The parents of the young boy allegedly took their son to a different hospital after doctors denied their demand.

 Bluru couple demand to do surgery on son after watching YouTube video docs refuse
news Medicine Sunday, December 23, 2018 - 12:11

A young couple entered a Bengaluru hospital with their son who required a delicate procedure. But they weren’t looking for a doctor. Rather, they kept insisting that they had done this earlier themselves, but this time wanted a nurse to be around.

The couple had allegedly watched an online video, which chronicled how to go about the procedure, and stated that they did not want any doctors to intervene. “They brought their son in and said that they didn’t want us to do anything but provide the set-up. They said they’d seen an instructional video and that they wanted to undertake the procedure themselves along with a nurse,” said Dr Rohit*, who oversaw the patient.

The incident highlights an alarming trend of patients using the internet and YouTube videos to self-diagnose and attempt to perform often complicated medical procedures themselves -- a decision that can have life-threatening implications.

When the hospital refused to comply with the bizarre request, the couple then took their son elsewhere, against the advice of doctors. “The procedure wasn’t life-threatening per se, but it was definitely something that required attention,” added the doctor calling it a "semi-urgent” one.

The doctor asked TNM not to publish the name of the procedure as it could lead to identification and shaming of the couple. Rather, he shared the story in order to educate the public on the dangers of attempting to perform medical procedures themselves.

In another case in July, a 28-year-old woman from Tirupur died due to childbirth-related complications after she and her husband allegedly attempted to perform a live delivery at home after watching YouTube videos. Reports stated that the couple had watched several home birth videos online and the family did not take the woman to the hospital, opting to carry out the procedure at home instead. The couple was reportedly guided by friends of theirs who did not believe in modern medicine.

“People really need to understand that doctors are trained to take up these operations. We know of the possible complications that can arise for a particular individual and what needs to be done in case of any such emergencies,” states Dr Swathi, a general physician from Chennai. “People should not follow videos as some instructional manual.”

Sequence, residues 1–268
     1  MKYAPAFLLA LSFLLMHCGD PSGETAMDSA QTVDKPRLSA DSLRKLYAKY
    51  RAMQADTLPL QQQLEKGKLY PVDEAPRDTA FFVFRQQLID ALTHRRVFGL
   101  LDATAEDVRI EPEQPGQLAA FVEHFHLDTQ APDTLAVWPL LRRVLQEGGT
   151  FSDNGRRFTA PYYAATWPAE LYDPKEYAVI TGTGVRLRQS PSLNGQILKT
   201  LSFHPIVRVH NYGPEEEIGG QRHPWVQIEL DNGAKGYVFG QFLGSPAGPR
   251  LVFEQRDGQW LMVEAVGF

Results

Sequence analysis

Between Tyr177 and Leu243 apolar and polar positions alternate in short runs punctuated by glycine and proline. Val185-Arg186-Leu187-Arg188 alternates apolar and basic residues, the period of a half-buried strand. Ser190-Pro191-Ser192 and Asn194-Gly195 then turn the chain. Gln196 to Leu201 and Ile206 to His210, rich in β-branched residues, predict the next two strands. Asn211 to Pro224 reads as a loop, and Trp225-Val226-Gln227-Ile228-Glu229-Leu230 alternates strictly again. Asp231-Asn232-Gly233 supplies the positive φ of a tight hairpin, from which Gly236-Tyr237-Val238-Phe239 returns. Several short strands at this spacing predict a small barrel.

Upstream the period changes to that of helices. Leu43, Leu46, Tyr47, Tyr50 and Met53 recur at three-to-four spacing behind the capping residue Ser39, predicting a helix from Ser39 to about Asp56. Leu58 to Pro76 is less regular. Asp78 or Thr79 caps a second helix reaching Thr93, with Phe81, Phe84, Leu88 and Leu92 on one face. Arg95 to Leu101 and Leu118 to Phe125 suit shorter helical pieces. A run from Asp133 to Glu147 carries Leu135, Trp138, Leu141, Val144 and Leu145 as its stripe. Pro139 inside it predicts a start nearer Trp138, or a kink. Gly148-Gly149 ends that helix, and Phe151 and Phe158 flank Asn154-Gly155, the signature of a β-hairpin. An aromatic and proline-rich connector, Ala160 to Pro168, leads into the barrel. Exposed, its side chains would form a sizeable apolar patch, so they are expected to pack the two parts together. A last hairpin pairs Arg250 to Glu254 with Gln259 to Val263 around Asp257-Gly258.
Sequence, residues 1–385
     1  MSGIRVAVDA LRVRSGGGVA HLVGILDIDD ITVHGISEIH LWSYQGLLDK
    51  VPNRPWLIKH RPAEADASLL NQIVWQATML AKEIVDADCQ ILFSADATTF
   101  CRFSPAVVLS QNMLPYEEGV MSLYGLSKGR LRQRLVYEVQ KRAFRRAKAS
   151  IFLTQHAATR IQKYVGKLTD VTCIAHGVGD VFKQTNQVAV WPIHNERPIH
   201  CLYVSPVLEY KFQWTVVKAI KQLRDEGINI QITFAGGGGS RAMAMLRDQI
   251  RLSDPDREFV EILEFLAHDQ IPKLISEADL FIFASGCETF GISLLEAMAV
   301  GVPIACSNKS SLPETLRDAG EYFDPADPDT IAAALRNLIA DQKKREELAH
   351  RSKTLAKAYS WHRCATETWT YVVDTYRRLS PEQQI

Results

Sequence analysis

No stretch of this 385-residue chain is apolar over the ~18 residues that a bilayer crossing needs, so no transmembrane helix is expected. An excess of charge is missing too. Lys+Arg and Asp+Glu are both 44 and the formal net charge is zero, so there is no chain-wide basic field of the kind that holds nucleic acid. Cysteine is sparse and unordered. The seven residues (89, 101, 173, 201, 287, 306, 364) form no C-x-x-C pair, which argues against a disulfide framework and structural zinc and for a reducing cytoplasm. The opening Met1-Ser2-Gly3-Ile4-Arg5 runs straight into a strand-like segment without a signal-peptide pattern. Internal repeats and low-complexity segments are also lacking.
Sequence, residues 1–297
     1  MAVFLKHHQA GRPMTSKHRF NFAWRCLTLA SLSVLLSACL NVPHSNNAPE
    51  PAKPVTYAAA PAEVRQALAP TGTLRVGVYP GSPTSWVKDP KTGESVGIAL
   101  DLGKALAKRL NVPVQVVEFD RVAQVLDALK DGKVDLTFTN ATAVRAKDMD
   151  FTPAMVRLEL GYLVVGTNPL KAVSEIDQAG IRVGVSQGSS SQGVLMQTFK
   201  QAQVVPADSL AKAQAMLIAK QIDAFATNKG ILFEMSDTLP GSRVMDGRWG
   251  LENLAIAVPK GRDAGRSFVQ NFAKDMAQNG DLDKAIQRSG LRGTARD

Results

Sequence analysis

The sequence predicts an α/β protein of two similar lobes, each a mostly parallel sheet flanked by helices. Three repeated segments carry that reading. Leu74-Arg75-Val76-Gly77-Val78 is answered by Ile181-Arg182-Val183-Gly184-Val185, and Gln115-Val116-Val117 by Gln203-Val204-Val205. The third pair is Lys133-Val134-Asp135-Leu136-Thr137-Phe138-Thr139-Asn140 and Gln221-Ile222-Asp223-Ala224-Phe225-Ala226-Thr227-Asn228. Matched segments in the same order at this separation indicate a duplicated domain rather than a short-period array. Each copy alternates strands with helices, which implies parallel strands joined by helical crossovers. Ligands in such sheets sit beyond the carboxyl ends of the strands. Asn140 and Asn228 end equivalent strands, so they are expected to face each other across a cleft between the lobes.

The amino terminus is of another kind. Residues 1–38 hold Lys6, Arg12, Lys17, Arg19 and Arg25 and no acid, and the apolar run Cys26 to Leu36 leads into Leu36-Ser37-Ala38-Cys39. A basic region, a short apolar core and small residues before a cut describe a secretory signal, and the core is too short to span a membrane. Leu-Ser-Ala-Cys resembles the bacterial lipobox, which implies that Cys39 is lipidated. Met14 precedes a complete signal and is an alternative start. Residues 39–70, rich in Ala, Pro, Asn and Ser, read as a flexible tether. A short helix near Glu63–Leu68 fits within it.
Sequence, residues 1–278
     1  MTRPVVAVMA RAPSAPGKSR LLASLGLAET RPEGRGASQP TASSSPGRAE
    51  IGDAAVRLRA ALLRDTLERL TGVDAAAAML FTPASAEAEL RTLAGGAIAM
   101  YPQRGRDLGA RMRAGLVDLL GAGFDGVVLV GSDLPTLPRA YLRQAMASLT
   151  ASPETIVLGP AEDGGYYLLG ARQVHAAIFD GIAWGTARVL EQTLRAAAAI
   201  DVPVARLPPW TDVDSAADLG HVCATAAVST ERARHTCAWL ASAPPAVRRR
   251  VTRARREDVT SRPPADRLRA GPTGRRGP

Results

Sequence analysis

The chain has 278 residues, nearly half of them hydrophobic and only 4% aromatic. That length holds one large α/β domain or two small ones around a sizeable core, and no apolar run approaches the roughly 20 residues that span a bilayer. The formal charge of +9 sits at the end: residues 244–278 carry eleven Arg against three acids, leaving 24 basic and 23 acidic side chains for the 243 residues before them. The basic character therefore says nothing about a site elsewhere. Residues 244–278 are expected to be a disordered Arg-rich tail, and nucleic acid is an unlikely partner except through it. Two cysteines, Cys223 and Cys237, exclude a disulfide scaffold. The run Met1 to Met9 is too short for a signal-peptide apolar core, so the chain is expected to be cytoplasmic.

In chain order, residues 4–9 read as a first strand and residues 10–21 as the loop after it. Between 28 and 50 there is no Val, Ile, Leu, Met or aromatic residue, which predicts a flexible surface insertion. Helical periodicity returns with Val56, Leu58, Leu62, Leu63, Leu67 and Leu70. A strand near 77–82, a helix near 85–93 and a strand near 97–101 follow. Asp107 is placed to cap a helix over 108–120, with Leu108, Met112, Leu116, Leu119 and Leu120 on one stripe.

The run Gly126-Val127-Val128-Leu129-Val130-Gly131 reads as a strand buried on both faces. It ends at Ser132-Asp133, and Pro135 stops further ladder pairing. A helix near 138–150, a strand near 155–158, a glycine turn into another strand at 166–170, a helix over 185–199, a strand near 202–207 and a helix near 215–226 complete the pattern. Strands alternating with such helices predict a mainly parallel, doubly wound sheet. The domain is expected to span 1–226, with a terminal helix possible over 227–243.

‘Googling’ symptoms and online tutorials

In addition to watching online video tutorials, there are several people who take to the internet to look up symptoms they may be experiencing. So many people flock to doctors after self-diagnosing through the internet -- so much so that it has become a bit of a tired joke among medical professionals.

Dr Adith C, a urologist from Chennai, tells TNM how frustrating it can be to educate patients on the misleading nature of online diagnosis. “What happens is that half the time we get people who look up simple terms and end up getting confused. Then it becomes a bit frustrating to make them accept that as a doctor I know what I am telling them.”

Doctors have also found that patients googling symptoms can come up with results that are completely incorrect. “I once had a parent tell me that their child had chickenpox. They’d looked it up online and had found several images to compare to the marks on the child. When I examined the child though, that was far from the case,” said Dr K Rakesh, a pediatrician from Chennai.

“Several parents bring in their child and directly state ‘I think my child has cancer,’ after having looked up a few symptoms online. It’s not just one or two people, but several,” he added.

Dr P Kirtana, a physician from Chennai, explains how doctors are trained to see several outcomes of any particular situation, which is something that only comes with experience. “So many people who go online and find information, read only a very specific aspect of it and end up being convinced of their diagnosis. As doctors, we are trained for years, extensively, to diagnose an issue and then to see the different ways that any particular diagnosis can pan out. That amount of knowledge cannot be replaced.”

But fortunately, there are patients who are willing to listen to medical professionals even after jumping to their own conclusions. “While it does get vexing at times, I’ve found that most of them respond well when we sit them down and explain what the actual issue is and why they shouldn’t be relying purely on the internet for such info,” Dr Rakesh said.

Name changed on request*

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